A guide to contemporary art that doesn’t treat you like a dummy
stole borrowed Playing to the Gallery from the book shelf at work. As I have a target for how many books I read a year, I also have a target for how many art exhibitions I go to a year. It’s a relatively new goal I’ve been setting myself – and I’ve learnt a lot – but I know that my academic understanding of art is pretty poor. Especially contemporary art – where I usually find myself wandering around a gallery, glancing curiously at the abstract paintings and sculptures or slightly disturbing performance art with little understanding of what is “good”. Thankfully the artist Grayson Perry wrote this book to help me make sense of it.
It’s a small book that tackles the big questions about art. How do we judge what is good? Can anything be art? Is anything shocking anymore? What makes an artist? These could be seen as stupid questions that you’d be afraid to whisper in a gallery but the genius of this book is that it isn’t framed as contemporary art for dummies.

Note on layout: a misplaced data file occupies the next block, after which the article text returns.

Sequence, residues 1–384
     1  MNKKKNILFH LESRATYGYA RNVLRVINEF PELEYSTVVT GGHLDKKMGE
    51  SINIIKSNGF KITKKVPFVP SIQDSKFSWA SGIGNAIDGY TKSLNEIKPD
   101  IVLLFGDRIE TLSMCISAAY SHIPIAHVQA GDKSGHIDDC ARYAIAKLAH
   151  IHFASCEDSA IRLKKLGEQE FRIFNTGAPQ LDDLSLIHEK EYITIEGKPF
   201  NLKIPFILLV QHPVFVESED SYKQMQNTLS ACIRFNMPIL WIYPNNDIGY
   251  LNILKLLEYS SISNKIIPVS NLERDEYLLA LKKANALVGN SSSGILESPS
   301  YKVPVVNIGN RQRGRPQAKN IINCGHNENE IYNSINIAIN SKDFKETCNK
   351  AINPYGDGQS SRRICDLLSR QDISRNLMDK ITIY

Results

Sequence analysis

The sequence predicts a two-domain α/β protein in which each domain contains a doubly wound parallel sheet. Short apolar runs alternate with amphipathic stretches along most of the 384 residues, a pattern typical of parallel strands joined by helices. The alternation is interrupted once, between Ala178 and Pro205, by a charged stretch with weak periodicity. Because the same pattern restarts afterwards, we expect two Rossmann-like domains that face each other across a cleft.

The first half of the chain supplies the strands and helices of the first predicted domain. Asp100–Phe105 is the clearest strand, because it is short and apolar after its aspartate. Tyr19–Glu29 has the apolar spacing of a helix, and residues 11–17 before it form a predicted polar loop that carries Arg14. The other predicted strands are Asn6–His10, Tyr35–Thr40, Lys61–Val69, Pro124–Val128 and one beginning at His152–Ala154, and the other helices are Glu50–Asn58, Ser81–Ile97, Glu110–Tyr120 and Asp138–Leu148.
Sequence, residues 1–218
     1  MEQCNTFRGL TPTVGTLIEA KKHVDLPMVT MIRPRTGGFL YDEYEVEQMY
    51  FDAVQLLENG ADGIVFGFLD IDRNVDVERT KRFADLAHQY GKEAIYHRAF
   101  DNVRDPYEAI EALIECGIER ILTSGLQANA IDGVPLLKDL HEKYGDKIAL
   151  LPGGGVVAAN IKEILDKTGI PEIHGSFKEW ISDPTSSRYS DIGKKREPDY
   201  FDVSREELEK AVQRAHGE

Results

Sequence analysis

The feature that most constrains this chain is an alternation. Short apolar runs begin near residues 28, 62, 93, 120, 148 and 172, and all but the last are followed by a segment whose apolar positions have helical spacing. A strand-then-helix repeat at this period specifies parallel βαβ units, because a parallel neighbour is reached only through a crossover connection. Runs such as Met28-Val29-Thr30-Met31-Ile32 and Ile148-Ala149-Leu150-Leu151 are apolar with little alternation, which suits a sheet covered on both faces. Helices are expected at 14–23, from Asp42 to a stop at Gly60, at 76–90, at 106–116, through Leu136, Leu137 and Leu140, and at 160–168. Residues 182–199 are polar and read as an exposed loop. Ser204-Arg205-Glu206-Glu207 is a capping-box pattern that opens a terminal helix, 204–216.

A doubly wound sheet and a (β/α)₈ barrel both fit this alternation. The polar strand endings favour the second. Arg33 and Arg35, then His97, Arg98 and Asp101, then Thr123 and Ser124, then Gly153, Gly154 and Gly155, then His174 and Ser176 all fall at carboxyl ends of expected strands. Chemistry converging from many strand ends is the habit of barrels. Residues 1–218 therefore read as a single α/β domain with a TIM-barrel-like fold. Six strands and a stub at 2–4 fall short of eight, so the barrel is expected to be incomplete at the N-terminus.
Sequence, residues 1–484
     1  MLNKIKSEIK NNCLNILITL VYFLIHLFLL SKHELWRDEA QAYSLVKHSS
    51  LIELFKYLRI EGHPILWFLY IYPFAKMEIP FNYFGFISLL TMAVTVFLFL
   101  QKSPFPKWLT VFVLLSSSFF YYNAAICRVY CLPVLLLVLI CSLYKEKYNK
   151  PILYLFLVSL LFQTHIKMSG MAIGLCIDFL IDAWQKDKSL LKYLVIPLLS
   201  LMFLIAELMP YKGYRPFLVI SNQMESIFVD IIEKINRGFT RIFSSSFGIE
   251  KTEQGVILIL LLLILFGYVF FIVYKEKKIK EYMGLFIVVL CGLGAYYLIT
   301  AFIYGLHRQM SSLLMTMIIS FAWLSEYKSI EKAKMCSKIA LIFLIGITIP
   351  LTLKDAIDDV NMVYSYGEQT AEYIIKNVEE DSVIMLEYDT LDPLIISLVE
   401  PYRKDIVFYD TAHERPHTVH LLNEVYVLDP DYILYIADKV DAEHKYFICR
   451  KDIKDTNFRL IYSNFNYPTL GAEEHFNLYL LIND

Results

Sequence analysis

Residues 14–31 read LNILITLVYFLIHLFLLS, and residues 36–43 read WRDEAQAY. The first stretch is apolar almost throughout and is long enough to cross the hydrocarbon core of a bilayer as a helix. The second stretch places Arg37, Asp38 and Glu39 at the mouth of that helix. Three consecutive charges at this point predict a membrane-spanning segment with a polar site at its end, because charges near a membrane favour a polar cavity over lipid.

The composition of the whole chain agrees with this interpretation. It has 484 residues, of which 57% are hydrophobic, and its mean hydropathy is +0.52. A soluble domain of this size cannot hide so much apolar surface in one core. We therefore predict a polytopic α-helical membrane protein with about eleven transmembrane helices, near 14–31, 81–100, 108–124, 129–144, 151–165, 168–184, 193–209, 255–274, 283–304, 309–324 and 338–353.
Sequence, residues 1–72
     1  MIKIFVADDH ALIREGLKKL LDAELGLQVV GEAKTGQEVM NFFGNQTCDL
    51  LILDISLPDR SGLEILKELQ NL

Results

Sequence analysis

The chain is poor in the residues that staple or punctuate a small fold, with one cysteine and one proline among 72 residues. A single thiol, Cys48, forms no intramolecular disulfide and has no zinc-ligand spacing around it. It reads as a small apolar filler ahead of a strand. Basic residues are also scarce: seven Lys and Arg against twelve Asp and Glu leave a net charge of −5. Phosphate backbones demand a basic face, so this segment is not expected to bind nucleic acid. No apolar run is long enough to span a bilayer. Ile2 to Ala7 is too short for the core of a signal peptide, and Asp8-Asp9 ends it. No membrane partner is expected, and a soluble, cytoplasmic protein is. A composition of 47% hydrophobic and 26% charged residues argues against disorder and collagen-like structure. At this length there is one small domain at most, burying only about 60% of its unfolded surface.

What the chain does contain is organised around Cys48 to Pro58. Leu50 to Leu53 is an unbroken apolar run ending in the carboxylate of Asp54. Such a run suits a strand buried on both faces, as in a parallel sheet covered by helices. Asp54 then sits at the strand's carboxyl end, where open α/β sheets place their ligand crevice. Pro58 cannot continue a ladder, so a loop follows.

Perry, a “fully paid up member of the art establishment”, treats these questions seriously, while not taking the art world seriously at all. None of the answers are cut and dry but, with the help of some witty illustrations, Perry gives a behind-the-scenes tour of “the art world”. From the questions that artists are asking themselves, to the shady commercial currents that run behind it, he gives ideas of what you should be thinking about when we look at contemporary art.
It’s a fascinating insight into a peculiar world but my favourite parts are when you find out more about Perry himself. Perry’s frankness on the art industry (more like Kansas than Oz), how he sees himself (an Essex transvestite potter), down to his own creative process (drinking beer, watching X Factor, and getting his felt tips out) is as endearing as it is fascinating. While being brilliantly irreverent to contemporary art, and artists, he also manages to express his love for it. Often, all at the same time:
“…art’s primary role is not as an asset class and it’s not necessarily about being an urban regeneration catalyst. Its most important role is to make meaning.”
Basically, I really like Grayson Perry. I liked him when I saw him on The Graham Norton Show a few years ago, when I only had a vague idea of who he was. I like him even more now after reading this book. And now I plan to read all his others!
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